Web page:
Generation system adequacy studies in the presence of wind energy resources
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- Institutt for elkraftteknikk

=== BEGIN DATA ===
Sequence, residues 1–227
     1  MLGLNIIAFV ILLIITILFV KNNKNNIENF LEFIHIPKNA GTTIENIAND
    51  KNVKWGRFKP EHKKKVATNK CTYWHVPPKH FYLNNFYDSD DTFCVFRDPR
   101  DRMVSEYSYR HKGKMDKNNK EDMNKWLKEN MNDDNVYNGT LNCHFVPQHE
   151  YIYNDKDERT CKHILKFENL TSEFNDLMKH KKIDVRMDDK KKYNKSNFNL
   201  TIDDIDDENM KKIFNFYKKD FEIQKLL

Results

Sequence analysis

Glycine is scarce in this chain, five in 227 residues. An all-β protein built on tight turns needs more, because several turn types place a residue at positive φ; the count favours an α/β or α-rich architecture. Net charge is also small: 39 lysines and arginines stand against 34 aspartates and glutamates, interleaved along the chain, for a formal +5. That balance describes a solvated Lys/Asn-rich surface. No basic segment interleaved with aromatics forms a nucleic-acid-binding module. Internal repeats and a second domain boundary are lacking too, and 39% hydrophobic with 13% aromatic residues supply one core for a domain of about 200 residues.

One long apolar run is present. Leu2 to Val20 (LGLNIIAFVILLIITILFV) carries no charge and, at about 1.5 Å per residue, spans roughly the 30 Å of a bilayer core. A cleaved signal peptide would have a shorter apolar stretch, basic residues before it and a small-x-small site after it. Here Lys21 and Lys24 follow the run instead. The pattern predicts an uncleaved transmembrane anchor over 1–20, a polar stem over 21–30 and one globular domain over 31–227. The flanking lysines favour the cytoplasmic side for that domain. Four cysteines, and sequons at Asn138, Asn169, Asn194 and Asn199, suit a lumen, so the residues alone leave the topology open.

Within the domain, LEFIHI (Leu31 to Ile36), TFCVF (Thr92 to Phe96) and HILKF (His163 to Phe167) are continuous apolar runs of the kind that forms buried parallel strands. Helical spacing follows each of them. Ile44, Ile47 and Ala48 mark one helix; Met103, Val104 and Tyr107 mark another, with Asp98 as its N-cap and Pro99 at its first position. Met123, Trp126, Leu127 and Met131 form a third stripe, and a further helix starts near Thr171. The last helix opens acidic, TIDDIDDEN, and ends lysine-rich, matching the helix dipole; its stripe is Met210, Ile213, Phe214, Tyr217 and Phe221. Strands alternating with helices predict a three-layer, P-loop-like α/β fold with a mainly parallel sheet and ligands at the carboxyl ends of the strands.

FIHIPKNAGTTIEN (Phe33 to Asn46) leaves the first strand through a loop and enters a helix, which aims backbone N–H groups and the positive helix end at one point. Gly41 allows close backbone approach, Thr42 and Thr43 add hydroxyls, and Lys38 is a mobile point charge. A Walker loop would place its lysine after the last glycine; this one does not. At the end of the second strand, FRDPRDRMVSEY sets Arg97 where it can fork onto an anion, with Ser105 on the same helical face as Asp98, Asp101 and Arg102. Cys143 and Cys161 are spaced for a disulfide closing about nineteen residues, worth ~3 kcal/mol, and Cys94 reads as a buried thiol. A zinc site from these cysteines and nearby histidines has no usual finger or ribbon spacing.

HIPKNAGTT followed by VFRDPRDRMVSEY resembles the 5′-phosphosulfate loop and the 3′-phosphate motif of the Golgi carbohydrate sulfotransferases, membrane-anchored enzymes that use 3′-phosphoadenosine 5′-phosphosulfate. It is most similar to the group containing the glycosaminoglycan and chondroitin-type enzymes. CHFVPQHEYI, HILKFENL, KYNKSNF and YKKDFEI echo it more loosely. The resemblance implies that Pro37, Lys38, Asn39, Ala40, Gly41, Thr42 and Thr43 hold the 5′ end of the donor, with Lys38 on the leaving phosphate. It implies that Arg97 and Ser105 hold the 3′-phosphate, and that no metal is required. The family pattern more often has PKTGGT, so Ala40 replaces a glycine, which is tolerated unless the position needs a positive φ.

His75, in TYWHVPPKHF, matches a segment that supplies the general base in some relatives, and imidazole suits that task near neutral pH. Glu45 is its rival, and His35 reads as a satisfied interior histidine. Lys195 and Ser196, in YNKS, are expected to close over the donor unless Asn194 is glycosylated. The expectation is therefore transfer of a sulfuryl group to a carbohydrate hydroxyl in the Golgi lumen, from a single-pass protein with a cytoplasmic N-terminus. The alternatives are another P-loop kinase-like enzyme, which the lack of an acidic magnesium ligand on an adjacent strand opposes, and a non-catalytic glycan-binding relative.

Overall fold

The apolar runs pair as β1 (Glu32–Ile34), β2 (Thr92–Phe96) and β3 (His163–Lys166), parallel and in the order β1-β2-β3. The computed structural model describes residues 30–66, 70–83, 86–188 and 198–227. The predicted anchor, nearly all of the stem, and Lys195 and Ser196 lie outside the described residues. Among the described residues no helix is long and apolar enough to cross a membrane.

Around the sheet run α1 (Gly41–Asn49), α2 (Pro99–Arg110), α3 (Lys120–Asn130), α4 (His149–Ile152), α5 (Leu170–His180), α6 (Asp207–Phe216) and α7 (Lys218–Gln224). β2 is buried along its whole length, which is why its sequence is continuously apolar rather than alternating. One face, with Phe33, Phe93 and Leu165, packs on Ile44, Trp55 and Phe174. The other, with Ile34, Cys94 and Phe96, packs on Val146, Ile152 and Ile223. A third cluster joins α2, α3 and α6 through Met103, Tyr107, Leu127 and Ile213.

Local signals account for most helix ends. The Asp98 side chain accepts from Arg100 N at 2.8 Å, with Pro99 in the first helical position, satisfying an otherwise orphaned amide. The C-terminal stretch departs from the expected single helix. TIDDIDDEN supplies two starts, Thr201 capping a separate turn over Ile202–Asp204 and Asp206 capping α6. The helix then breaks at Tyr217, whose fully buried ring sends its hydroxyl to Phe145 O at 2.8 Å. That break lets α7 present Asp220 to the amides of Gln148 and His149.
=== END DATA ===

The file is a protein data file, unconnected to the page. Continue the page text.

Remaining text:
Variable renewable energy sources like wind power are in exponential growth worldwide. One of the major challenges regarding high penetration of wind energy in the power system is the degradation of generation adequacy due to the intermittent and random nature of wind. The deterministic approaches applied today to ensure sufficient power system adequacy are ill-fit to handle stochastic generation behaviour. In response, several generation adequacy metrics with probabilistic basis have been developed in literature. Probabilistic methods for generation adequacy assessment are crucial for securing future power system operation and renewable generation integration. As part of a project to construct a computational framework for power system reliability this thesis focuses on generation adequacy assessment of power systems with the presence of wind power. The applied concepts include generation adequacy metrics (LOLE and EENS) and capacity credits (ELCC, EFC and ECC). To evaluate the generation adequacy of relevant test systems (Roy Billinton Test System and IEEE-Reliability Test System), MATLAB scripts that compute adequacy metrics and capacity credits have been developed and deployed. To evaluate the reliability effect from wind power generation, a wind farm has been modelled and integrated in the test systems. Evaluations applying several adequacy metrics and capacity credits have been conducted on the test systems including integrated wind power along with relevant sensitivity analyses. From the thesis work it has become evident that the myriad of generation adequacy metrics, capacity credits and their combinations provide a powerful means of evaluating different aspects of power system reliability, thereby contributing to optimising renewable energy integration. However, the multitude of possibilities and lack of an established methodological approach makes the process of identifying the optimal metric combination a knowledge-intensive task.